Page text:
The last stop had been a farm just outside town. Carlisle had purchased a goat. The animal’s legs were bound securely as the terrified animal was loaded into the car. Carlisle felt bad that this was the best he could provide me with until he could take me hunting during the night.

I wondered what he expected me to do with a goat. Oh, and what kind of hunting were we going to do?

I had ascertained all of this information from Carlisle’s thoughts before he had even pulled up to the house. Now he was apprehensive as he carried the struggling animal into the kitchen and released its bindings. It had only taken Carlisle a moment to detect the smell of the dust, plaster and splintered wood from the devastation in the bathroom as he finished dealing with the animal.

“Edward?” Carlisle’s voice was quiet and fraught with tension. He paused briefly to assess the damage in the bathroom before continuing on to the bedroom.

I saw myself as Carlisle saw me in his thoughts, a statue seated on the bed.

Carlisle approached me tentatively. Newborn vampires were apparently known for being volatile.

That was the thought that set me free from my frozen state. Without thinking, a growl rumbled from my chest as I hurled myself at Carlisle. He was thrown into the desk, shattering it into splintered fragments upon impact. His hat rolled into the corner when I then threw him into the chair that had been at the desk. With the sound of a massive rockslide, I began pummeling him with every ounce of my being.

Blow upon blow rained down on Carlisle. No part of his body was spared from my unleashed fury. He never raised a hand in defense against me, though. He absorbed it all, as the voices of those in the neighborhood that filled my head seemed to cheer me on. I beat him for letting my parents die. I beat him for leaving me to flounder on my own through this most perplexing of days. I beat him for preventing my death.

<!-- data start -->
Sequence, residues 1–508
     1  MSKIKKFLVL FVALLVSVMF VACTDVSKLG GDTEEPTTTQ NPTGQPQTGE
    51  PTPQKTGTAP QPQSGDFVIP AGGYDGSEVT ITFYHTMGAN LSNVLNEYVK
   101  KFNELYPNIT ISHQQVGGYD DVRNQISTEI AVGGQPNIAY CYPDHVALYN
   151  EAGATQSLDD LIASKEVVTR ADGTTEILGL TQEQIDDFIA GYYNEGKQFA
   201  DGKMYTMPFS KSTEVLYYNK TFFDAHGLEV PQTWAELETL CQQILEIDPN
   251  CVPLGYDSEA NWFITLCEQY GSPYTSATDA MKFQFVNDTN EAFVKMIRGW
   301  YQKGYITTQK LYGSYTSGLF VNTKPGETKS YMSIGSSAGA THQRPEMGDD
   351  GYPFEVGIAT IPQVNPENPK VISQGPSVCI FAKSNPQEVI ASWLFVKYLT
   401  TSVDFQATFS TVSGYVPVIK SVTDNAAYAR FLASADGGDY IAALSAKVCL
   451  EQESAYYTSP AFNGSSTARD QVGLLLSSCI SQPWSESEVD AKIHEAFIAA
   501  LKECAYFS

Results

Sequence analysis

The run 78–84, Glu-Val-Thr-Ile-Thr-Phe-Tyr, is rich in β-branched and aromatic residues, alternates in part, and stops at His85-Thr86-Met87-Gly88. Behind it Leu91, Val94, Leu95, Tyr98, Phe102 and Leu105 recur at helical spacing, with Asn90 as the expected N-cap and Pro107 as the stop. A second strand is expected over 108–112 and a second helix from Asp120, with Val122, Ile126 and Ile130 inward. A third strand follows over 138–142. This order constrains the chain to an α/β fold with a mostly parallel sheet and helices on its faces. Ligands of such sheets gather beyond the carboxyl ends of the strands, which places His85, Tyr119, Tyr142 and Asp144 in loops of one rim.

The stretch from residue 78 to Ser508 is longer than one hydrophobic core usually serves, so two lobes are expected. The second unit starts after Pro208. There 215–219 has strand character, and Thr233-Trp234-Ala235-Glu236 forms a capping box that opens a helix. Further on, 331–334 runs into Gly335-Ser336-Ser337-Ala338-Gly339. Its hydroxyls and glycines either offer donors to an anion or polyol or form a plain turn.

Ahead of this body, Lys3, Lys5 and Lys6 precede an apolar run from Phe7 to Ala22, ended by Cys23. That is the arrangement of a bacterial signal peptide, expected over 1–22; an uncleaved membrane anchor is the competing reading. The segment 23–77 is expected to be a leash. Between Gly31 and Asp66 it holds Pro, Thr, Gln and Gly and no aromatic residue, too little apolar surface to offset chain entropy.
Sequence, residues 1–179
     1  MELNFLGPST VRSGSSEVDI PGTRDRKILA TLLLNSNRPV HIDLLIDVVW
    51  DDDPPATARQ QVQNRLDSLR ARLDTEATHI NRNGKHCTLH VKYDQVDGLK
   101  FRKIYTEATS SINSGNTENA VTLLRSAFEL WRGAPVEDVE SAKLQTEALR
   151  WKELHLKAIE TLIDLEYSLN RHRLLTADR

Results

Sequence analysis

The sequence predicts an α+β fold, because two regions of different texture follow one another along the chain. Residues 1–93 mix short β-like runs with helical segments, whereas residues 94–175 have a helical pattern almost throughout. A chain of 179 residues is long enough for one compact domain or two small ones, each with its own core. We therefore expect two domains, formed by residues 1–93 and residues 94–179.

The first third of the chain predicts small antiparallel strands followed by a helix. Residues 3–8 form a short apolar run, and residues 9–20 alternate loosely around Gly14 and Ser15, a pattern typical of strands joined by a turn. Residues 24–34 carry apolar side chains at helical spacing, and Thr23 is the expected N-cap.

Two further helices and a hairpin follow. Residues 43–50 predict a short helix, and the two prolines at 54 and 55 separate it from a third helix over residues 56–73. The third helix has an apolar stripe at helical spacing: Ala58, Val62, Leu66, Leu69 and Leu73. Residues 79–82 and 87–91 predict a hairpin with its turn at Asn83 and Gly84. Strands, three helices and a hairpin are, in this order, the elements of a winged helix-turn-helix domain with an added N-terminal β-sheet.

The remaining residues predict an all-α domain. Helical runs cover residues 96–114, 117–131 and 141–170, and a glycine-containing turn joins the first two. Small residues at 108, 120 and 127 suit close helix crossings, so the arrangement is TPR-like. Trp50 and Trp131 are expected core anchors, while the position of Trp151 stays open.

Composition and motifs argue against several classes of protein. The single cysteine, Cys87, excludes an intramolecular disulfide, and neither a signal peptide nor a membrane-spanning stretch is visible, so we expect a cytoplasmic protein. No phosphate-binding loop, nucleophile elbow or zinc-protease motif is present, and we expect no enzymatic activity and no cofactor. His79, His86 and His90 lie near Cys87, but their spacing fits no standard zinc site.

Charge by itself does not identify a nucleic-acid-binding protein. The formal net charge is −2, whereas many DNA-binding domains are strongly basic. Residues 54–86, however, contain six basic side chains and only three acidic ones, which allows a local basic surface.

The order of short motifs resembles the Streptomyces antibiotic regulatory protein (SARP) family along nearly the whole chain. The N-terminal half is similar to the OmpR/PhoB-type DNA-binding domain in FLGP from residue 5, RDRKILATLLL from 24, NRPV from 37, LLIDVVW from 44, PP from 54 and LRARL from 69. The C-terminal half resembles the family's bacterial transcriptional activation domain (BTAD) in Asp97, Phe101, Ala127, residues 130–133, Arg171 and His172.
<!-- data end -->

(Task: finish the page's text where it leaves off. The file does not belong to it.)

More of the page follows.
The light in the room had dimmed by the time I was spent. The anger was still present, but its fuel had been absorbed by Carlisle’s passive response. If he had acted in self-defense, I saw now, I would have torn him apart.

I staggered backwards a few feet until the wall stopped me when my back pressed against it. As I took in the devastation that surrounded me, I did not breathe. Broken furniture littered the floor, paintings hung askew on the wall; some of them torn and a bookcase had fallen, spilling its contents in a river across the small room.

Slowly, cautiously, Carlisle rose to his feet. The tattered shreds of his coat hung loosely from his shoulders. His shirt had fared only slightly better.

“I shouldn’t have left you alone so soon. I’m sorry,” Carlisle’s voice rang with remorse. “How do I make this right?

I saw myself again in Carlisle’s mind, trembling and naked against the wall, my towel having been lost in the melee. All of the confusion I felt was obviously etched on my face.

Warily, Carlisle crossed the room to the bed, picked up the trousers that he had laid out for me earlier and silently offered them to me. However, his thoughts were not silent, but were filled with concern. He now understood that training and controlling a newborn was not a task for the feint of heart.

Taking the pants from him with an unthankful snarl, I turned around and pulled them on. They were loose, as I was of a somewhat smaller girth than Carlisle, but the suspenders secured them well enough.

“How’s your throat?” Carlisle queried as he removed his tattered coat and carefully draped it on the back of the chair that had been by the bed. Somehow, it had survived the attack. The iron bedstead had not fared so well. The frame was dented and twisted where I had slung Carlisle into it.